Recently I managed to get my hands on a LCD3310 module by Olimex. It consists of a LCD display together with a PCD8544 driver chip. After reading up on the PCD8544 and examining some of the example code that’s floating around out there, I finally managed to get it working with an msp430 and now I have assembled a pretty complete driver for this combo.
There were a few problems to overcome however. There seem to be two different versions of the PCD8544 floating around; one that is happily running at 84×48, and one that seems to be more recent that comes with a much bigger display buffer with the top left 84×48 mapped to the display. This more recent version also seems to offset the display by 5 pixels, making the bottom row 3 pixels high and the top pixels unusable. To overcome this problem if you have it on your display, add -DPCD8544_FIX_YALIGN to the compiler options and you should be good.
This driver currently implements software SPI. Support for hardware SPI on the controllers that support it is on its in the works.
Connecting the display
Olimex designed the UEXT connection, which is now open for anybody to use in their designs. Making an adapter to connect the display via UEXT to the msp430 is just about connecting a 10P IDC connector to two rows of five pin headers (or maybe even stackable pin headers). If you got another connection to your display, just make sure to hook up the lines accordingly.
Currently the pin mappings are hardcoded in the driver, but this will probably change eventually. However, for now it expects the following pins to be connected from the UEXT connector (or display) to the msp430:
- D/_C on P2.0 (to SDA)
- SDIN on P2.1 (to MOSI)
- SCE on P2.2 (to SSEL)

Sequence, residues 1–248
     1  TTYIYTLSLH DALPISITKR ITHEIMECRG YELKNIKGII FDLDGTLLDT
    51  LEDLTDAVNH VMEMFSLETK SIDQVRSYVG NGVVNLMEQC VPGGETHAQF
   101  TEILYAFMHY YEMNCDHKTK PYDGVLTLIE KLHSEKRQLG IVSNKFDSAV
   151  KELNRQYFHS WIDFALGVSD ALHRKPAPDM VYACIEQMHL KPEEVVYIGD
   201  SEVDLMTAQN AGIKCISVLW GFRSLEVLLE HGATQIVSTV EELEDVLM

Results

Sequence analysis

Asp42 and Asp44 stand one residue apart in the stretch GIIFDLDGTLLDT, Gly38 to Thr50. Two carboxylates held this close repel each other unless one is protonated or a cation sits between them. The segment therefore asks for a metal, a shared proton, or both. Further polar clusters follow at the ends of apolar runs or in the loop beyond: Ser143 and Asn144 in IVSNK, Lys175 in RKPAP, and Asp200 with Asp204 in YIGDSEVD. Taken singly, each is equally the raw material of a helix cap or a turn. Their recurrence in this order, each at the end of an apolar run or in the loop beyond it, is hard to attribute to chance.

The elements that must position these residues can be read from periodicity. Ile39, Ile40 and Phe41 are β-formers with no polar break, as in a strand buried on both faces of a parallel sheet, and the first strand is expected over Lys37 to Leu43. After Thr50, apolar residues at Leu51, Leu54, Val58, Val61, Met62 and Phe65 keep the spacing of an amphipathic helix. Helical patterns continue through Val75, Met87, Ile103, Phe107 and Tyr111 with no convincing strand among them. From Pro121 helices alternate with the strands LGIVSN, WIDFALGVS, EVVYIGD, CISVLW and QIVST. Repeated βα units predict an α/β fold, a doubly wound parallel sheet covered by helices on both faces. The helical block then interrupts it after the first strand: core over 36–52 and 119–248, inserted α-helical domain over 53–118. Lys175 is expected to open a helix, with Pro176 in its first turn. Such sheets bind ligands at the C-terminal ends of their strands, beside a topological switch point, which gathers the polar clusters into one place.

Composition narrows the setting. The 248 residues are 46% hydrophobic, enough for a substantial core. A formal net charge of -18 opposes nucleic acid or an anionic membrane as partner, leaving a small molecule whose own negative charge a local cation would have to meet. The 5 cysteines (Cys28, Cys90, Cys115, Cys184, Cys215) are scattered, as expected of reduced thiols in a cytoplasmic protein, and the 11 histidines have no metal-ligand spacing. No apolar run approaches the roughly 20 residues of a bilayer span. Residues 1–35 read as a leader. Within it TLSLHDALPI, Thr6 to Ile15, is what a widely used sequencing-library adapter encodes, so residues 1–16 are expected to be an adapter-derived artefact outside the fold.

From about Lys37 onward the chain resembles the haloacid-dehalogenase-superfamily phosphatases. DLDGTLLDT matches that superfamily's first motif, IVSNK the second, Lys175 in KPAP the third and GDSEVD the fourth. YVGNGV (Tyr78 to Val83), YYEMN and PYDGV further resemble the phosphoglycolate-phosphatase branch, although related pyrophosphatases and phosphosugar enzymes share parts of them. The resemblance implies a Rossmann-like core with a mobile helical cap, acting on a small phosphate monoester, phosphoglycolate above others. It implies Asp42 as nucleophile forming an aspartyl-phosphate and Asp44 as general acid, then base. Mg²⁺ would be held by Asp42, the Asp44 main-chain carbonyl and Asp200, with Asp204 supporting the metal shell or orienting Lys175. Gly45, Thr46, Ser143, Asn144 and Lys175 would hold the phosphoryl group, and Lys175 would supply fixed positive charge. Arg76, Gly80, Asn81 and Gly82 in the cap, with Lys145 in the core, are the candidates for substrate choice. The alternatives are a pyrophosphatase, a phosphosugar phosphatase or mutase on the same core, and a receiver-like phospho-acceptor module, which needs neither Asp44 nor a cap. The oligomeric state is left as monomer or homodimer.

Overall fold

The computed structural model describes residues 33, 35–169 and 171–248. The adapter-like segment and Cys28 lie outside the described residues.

- SCK on P2.3 (to SCK)
- RES on P2.4 (to SCL)
The display is updated 8 pixel rows at a time and the communication is done over SPI with the addition of a D/C pin for data/command selection and a RES pin to reset the controller.
The PCD8544 can use two adressing modes, horizontal and vertical. In horizontal mode, the next data byte will be inserted to the right of the current byte and wrap at the end of the line, while in vertical mode the next data byte would be inserted below the current byte, and it would wrap to the next column at the bottom of the display.
The driver however currently only operates in horizontal mode but this should be enough for most applications.
The display is initialized by a call to lcd_init(). From this point on you can use the lcd_cursor(row,col) method to position the insert position on the display. The lcd_draw_text(text,x,y) and lcd_draw_text_block(text,x,y,invert,width) methods can then be used to draw text to the display. In order to draw graphics or icons, you can either use lcd_draw_glyph(glyph,x,y) and lcd_tile_glyph(glyph,x,y,width) to draw from a predefined buffer or you can go hardcore with the lcd_write_byte(byte) method.
The main.c file contains working example code demonstrating how to build a simple menu like in the picture at the top of this post.
When the define PCD8544_FIX_YALIGN is set, virtual wrapping will be performed on all drawing operations to ensure that the data you write to the display shows up where it was intended to be.
The full documentation as well as the latest source code is available in the GitHub repository. It can be used standalone by including pcd8544.c and the header files in your project, and it is licensed under GNU GPL version 3.
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